Wrapping up this week’s manifesto launches from the main UK parties, the Conservatives have set out their pledges. It is in the private pensions space where the Conservatives proposal is most strident. With the BHS inquiry still fresh in the public mind they castigate business owners who abuse pension funds and put them at risk, “sometimes for their own lavish enrichment” and promise to “tighten the rules against such abuse and increase the punishment for those caught mismanaging pensions schemes”.
Existing powers are described as “insufficient” leading the Conservatives to make two promises and a proposal:
- Giving “pension schemes and The Pensions Regulator (tPR) the right to scrutinise, clear with conditions or in extreme cases stop mergers, takeovers or large financial commitments that threaten the solvency of the scheme”
- New powers for tPR “to issue punitive fines” (the Work and Pensions Committee’s ‘nuclear deterrent’) for those that leave scheme wilfully under-resourced and possible powers to disqualify the company directors in question
- Consideration of “introducing a new criminal offence for company directors who deliberately or recklessly” put the scheme at risk.
This contrasts with the recent Green Paper’s caution about proposing new measures, rather than leveraging more effective application of existing powers and it will be interesting to see if the hustings can bring a sharper focus on how these measures might work. It’s not as if they haven’t been considered before, but the pressure to ensure business is competitive is a significant counter-weight.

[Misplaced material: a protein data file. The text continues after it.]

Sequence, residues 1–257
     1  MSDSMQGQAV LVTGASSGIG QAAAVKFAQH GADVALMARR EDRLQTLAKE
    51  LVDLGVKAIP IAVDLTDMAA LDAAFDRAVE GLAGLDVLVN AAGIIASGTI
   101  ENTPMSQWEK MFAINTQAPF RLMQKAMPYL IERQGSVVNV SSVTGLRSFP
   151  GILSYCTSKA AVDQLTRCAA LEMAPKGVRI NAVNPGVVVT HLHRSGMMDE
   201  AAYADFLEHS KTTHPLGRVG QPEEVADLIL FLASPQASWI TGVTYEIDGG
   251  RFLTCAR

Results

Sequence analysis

On the familiar electoral battleground of the State pension, the Conservatives would switch to a Double Lock from 2020 instead of converging with the other parties on the Triple Lock – but as covered in earlier blogs, the cost of this would not generate much in the way of immediate savings. Like Labour, but unlike the Lib Dems, the Conservatives are silent on any changes to the tax regime for pensions – no point poking the hornet’s nest – but unlike Labour they are prepared to proceed with linking the State Pension Age to life expectancy though they’re careful not to provide any gory details.
And of course the stability mantra insinuates its way into the pensions proposals with a ‘steady as she goes’ approach on continuing automatic enrolment and promotion of long-term savings and pensions products, including the Lifetime ISA. The one commitment that feels ambitious is the pledge to extend automatic enrolment to the self-employed – how you stop that turning into the hokey-cokey (ie auto-enrolling yourself only to opt-out) remains, like so much that we can look forward to pondering in the next three weeks, unclear.